During 1863, McNeill’s Rangers performed scouting missions under Brigadier General William E. Jones and Brigadier General John D. Imboden, who commanded the irregular forces of the Confederacy in western Virginia. General Robert E. Lee recognized McNeill for his participation in the Jones-Imboden Raids in Northwestern Virginia and western Maryland in April and May 1863. This raid damaged and rendered inoperable several railway bridges, oil fields, and other resources critical to the Union effort. What the raid failed to do, however, was impede the pro-statehood sentiments in West Virginia.
General Lee appreciated McNeill’s daring and accomplishments in capturing Union supply trains and his aggressiveness in engaging Union cavalry units operating in the same area. During the Battle of Gettysburg, McNeill’s Rangers performed forage duty for the Army of Northern Virginia. One can’t fight an army that isn’t regularly fed — McNeill provided 740 head of sheep, 160 cattle, and around 40 horses to General Lee’s men. In early September, McNeill’s Rangers conducted a surprise night attack on three Union infantry companies en route from Petersburg to Moorefield. McNeill took half these men as prisoners and turned them over to C.S. officials.
McNeill’s greatest success came in 1864 as he increased the number of assaults on B&O property, which effectively shut down railroad operations. Union Brigadier General Benjamin F. Kelley, the officer responsible for securing West Virginia ordered, “ … I will simply say that I want McNeill found and killed.” Kelley learned that his order was much easier issued than accomplished. Despite a force of around 200 Union cavalry sent to dispatch McNeill, he was not located, inconvenienced, or diverted from his raiding activities.
But McNeill wasn’t completely unmolested. The Union employed “irregular” units of their own. The Pendleton County Home Guard continually confronted McNeill’s Rangers. On 19 July 1864, McNeill sent a detachment against Captain John Boggs of the PCHG and found that they’d met their match. Boggs not only repulsed the detachment but also killed its leader, Lieutenant Dolan. At the Battle of New Market, McNeill’s Rangers fought a successful delaying action against Union forces that allowed C.S. General John Breckinridge to marshal his forces and attack and drive the federals out of New Market.
In the early morning hours of 3 October 1864, Captain McNeill led fifty of his rangers against a company of the 8th Ohio Cavalry, who were guarding a bridge over the Shenandoah River. The engagement only lasted 15 or so minutes, with most of the Ohio unit ending up as prisoners, but Hanse McNeill was seriously wounded. His men removed him to a home on Rude’s Hill where Union General Phil Sheridan later discovered him, and to whom McNeill surrendered. Thinking that McNeill was too badly wounded to escape, Union forces ignored him long enough for a few Raiders to snatch him away and move him to Harrisonburg. McNeill succumbed to his wounds on 10 November. Command of the Raiders passed to “Hanse’s” son, Lieutenant Jesse Cunningham McNeill.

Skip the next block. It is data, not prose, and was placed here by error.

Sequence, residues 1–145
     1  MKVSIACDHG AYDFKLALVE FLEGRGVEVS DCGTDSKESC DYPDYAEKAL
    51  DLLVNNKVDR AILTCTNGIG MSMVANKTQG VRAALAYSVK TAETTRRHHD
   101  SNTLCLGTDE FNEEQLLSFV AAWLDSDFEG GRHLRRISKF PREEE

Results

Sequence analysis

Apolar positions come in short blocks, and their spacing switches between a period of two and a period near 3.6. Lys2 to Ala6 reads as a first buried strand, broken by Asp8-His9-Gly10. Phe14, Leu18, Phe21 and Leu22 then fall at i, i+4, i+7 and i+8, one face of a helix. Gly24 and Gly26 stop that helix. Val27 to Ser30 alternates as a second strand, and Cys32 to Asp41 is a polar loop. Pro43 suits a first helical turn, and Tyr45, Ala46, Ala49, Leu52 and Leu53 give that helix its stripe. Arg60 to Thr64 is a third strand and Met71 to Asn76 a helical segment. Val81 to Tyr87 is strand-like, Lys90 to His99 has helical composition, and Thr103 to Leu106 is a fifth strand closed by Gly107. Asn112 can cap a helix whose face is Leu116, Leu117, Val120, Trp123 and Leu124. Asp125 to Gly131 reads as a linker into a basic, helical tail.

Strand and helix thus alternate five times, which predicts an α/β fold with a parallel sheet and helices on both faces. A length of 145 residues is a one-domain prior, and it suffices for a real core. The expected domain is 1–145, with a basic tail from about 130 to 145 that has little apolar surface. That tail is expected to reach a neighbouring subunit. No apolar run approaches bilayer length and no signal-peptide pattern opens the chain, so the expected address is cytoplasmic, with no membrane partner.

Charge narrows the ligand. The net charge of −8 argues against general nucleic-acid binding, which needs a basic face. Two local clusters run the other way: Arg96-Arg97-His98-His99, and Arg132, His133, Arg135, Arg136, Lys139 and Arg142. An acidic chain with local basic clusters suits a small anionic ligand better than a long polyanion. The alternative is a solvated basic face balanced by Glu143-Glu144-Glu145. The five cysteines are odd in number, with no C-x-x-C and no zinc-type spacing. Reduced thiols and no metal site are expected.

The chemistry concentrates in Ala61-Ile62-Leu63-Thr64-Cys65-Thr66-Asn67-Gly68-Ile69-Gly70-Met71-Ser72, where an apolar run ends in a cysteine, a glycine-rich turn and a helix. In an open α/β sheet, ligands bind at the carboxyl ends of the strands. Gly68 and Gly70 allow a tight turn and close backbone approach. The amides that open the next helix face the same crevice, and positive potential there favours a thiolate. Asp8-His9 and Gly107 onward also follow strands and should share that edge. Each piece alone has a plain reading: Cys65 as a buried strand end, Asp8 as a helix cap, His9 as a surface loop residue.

During the night of 21 February 1865, Jesse led 65 Raiders sixty miles behind enemy lines to Cumberland, Maryland, where, without detection by any of the 10,000 Union troops guarding them, they captured Major General George Crook and Brigadier General Kelley while they slept. The raid was so fast and stealthy that the Raiders carried it off before anyone realized what was happening. McNeill turned Crook and Kelley over the C.S. General Jubal Early. Jesse was subsequently promoted to Captain. On 8 May 1865, Captain Jesse McNeill surrendered his Rangers to Union officials and received their parole.
Those other Virginia Rangers
Samuel Carrington Means (1828-1891) was a grist miller from Waterford, Virginia, and a station master for the B&O Railroad. Means was a Quaker and a dedicated Unionist with no interest in serving the Confederacy. When the C.S. Army issued warrants for his arrest, Means left his family behind and escaped to Maryland. The State of Virginia subsequently seized Samuel Means’s property.
When Union General John Geary invaded Loudoun County, Virginia in March 1862, Means served as a scout in his advance element. Secretary of War Edwin M. Stanton, in recognition for his service, commissioned him a captain in the Union Army with permission to raise a company of partisan cavalry for border service in Loudoun County, Virginia, and Maryland. Dubbed the Loudoun Rangers, recruitment eventually raised two companies of men to serve as irregular cavalry. The Loudoun Rangers often operated along with the 1st Potomac Home Brigade and equally often confronted White’s 35th Virginia Cavalry, Mosby’s 43rd Virginia Cavalry, and Mobberly’s renegade company. Note: John Mobberly was a particularly loathsome creature who perpetrated war crimes against the citizens of Loudoun County, Virginia — citizens who assassinated him in April 1865.
Means commanded the company through 1864 when the unit was mustered into regular service with the U.S. Army. Samuel Means resigned his commission over this decision. Toward the end of the war, the Loudoun Rangers returned to irregular service but in April 1865, the company was deactivated, and its soldiers returned to their homes. The Loudoun County Rangers was the only Virginia cavalry unit to serve the Union during the Civil War.
- Duffey, J. W. McNeill’s Last Charge: An Account of a daring Confederate in the Civil War. Norton Publishers, 1912.
- Evans, T. J. and James M. Moyer. Mosby’s Confederacy: A Guide to the Roads and Sites of Colonel John Singleton Mosby. White Plains Publishing, 1991.
- French, S. Phantoms of the South Fork: Captain McNeill and His Rangers. Kent State University Press, 2017.
- Johnson, A. R. The Partisan Rangers of the Confederate States Army. G.G. Fetter, 1904.
- Jones, V. C. Ranger Mosby. University of North Carolina Press, 1944.
- Keen, H. C., and Horace Mewborn. 43rd Battalion Virginia Cavalry: Mosby’s Command. H.E. Howard Publishing, 1993.
- Mosby, J. S. The Memoirs of Colonel John S. Mosby. Little/Brown, 1917.